Some 3.65 million Texans have student loan debt — the second highest number of student borrowers in the country, holding about $120 billion worth of loans.
At present, those holding student loans aren’t paying, but that could soon change depending on the outcome of a Supreme Court case.
President Biden’s plan for debt forgiveness is being challenged in the highest court in the land and payments are on hold for all 45 million people with student loan debt across the country. The average borrower has about $38,000 in loans. If the Biden plan is upheld by the court, about 20 million people would have their debt completely erased, leaving 25 million people with payments to make.
The government says those payments will resume either 60 days after the Supreme Court issued its decision or 60 days after June 30, whichever comes first. That means repayments would begin likely in the summer or fall.
The Supreme Court heard arguments in two related cases challenging the debt forgiveness plan Tuesday. The cases are being brought by several Republican-led states and a conservative group.
Seth Chandler, a professor at the University of Houston Law Center, said the question at hand in both cases is whether or not the Secretary of Education has the authority to wipe away student loan debt in the first place.
“People can disagree on whether that student debt should be wiped out in light of the pandemic,” he said. “But the issue before the court wasn’t whether it was a good idea. The issue before the court was whether the president, the executive branch, should be able to decide that on their own or whether they had to go back to Congress for more explicit authority.”
During Tuesday’s arguments, the solicitor general for the U.S. gave an interpretation of the law that would allow the Biden plan to go forward.
“The solicitor general read the statute to the court, which said that the secretary during a national emergency could waive or modify the regulations of the loan,” Chandler said. “She said that one way of modifying or waiving it was simply to cancel it, and therefore you didn’t need any fancy interpretation. She felt, as did some of the justices, that interpretation of the statute was straightforward.”
Several of the conservative justices seemed skeptical of that argument, Chandler said.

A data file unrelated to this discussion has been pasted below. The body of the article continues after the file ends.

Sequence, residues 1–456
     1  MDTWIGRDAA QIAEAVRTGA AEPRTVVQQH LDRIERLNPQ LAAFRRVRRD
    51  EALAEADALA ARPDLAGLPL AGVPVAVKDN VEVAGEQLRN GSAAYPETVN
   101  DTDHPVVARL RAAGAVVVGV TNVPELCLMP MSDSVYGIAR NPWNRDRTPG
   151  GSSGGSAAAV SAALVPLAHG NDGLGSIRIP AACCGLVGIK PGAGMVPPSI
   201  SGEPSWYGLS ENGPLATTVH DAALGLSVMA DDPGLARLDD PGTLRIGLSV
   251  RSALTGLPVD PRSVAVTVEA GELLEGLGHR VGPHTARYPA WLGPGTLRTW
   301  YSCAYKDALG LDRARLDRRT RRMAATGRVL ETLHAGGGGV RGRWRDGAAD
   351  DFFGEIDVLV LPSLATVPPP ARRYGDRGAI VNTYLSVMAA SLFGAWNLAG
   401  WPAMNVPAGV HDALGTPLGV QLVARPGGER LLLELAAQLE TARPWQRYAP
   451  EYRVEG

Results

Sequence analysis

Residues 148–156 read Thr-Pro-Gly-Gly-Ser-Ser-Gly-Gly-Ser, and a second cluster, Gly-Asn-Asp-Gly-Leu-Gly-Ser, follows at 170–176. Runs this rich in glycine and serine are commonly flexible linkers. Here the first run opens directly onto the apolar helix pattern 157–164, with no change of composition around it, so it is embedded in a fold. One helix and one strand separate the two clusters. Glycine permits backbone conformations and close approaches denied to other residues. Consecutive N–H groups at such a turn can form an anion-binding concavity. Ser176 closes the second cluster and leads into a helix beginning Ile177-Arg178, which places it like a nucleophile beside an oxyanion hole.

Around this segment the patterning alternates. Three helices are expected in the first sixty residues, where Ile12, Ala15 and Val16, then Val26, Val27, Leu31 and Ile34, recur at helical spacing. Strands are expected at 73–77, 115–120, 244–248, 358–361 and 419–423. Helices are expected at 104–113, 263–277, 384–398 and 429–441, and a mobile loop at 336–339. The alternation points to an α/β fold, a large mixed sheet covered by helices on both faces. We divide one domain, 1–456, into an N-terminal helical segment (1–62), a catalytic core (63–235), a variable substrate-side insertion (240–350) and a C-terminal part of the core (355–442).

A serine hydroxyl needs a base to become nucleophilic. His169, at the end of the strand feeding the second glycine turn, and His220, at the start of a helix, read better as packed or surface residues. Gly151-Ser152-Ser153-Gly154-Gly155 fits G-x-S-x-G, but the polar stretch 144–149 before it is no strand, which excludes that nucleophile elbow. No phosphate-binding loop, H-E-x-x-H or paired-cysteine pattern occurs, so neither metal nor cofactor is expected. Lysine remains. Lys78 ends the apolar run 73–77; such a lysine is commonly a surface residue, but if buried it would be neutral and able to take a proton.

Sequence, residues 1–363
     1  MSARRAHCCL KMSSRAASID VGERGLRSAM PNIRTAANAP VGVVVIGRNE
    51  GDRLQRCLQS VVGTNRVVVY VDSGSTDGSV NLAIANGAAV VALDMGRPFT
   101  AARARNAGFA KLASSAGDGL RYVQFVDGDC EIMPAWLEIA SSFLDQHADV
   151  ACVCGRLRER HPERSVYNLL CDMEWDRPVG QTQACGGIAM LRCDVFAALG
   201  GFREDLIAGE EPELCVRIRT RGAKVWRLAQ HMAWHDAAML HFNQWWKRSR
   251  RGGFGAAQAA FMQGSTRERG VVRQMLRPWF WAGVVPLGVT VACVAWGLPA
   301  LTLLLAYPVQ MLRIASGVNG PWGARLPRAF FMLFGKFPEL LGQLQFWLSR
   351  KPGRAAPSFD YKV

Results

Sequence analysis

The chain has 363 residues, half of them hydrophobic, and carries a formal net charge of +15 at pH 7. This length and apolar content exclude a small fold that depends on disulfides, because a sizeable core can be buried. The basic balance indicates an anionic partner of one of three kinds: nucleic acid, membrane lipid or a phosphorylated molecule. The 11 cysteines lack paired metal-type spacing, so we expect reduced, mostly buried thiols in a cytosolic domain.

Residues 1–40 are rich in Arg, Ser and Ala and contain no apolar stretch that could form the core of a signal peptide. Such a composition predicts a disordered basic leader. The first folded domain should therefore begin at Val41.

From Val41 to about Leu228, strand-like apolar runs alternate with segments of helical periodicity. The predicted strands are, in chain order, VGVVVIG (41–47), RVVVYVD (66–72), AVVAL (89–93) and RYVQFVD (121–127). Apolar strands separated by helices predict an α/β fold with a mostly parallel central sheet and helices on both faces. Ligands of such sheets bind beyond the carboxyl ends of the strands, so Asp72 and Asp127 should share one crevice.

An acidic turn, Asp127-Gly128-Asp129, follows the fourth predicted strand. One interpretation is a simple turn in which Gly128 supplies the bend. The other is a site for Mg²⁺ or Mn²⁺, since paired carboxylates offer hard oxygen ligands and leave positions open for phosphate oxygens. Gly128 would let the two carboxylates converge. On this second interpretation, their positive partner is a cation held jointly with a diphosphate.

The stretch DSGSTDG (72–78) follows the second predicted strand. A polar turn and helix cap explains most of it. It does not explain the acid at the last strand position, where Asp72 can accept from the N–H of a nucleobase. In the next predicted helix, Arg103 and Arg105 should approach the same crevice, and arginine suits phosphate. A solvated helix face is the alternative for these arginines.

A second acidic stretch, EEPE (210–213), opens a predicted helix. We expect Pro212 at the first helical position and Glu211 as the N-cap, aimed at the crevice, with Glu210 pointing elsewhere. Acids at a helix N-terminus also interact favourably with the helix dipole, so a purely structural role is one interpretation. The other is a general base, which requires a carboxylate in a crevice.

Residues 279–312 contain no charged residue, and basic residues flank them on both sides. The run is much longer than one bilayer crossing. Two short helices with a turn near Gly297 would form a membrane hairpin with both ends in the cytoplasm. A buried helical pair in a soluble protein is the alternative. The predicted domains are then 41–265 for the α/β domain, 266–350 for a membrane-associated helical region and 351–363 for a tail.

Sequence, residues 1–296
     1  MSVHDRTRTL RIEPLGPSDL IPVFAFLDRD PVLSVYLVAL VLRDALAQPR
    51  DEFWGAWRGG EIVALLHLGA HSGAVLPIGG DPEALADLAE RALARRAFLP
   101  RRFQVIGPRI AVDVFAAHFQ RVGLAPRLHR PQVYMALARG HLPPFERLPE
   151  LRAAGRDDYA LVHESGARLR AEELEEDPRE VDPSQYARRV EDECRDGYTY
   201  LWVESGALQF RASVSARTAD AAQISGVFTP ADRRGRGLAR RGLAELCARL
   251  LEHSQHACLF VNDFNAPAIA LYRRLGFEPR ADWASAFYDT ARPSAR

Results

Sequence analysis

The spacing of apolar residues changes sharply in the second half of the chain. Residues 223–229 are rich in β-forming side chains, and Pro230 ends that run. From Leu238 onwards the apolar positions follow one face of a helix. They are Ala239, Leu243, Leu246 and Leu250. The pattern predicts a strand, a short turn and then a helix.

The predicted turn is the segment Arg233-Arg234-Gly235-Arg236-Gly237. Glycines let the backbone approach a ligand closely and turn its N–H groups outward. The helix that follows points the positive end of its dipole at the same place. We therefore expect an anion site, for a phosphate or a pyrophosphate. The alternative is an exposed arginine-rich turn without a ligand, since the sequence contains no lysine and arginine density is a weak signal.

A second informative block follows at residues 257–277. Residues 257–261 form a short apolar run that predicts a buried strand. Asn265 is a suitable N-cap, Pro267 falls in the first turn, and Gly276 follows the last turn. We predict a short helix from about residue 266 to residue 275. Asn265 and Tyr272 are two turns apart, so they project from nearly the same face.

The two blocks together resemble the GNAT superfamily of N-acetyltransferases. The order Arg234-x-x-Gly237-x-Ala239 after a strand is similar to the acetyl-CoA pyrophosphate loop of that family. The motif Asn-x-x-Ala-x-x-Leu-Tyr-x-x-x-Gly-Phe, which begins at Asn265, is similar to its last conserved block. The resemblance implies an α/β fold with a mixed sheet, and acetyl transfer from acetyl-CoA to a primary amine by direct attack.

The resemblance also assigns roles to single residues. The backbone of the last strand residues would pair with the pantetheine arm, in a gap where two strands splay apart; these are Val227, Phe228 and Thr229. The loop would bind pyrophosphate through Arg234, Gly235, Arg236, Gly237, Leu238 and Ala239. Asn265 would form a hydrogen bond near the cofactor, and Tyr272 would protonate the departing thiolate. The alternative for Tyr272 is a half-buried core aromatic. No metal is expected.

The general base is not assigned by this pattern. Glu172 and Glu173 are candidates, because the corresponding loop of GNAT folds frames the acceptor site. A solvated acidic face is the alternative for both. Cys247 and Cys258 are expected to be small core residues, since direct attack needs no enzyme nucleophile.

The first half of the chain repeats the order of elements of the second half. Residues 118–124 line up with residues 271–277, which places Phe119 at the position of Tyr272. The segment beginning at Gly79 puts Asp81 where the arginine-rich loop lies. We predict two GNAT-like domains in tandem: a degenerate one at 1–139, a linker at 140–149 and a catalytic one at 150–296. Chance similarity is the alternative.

“Chief Justice John Roberts, I think, really tipped his hand and said that he felt that this was way beyond the scope of anything that Congress had anticipated and wasn’t encompassed within the term ‘wave or modify,’” he said.
There is also a legal issue at play here, Chandler said, related to whether or not this case is legitimate to bring before the court at all. This is called “standing.”
“If the court finds that none of the plaintiffs in either of the two cases have standing, then the Biden administration plan can go forward until somebody somehow finds a better plaintiff,” he said. “And that means, I think, for the foreseeable future, the Biden plan will be in effect.”
Chandler said his guess is that one of the two cases will not go through, but the second has a better chance.
“The claim of a Missouri state enterprise called MOHELA (the Missouri Higher Education Loan Authority), that they have standing because they will lose revenue, because they won’t be servicing loans, that is likely to succeed with a majority of the justices,” he said. “And as I mentioned, it just takes one to have standing before the Supreme Court hears the merits. And once it hears the merits, I’m afraid the Biden plan is doomed.”
Chandler said he expects this case not to be decided before the end of the court’s session in June.
“We’re already in March. They’ve got a lot of other big cases before them. I would be surprised to see a decision in this case before mid-June,” he said.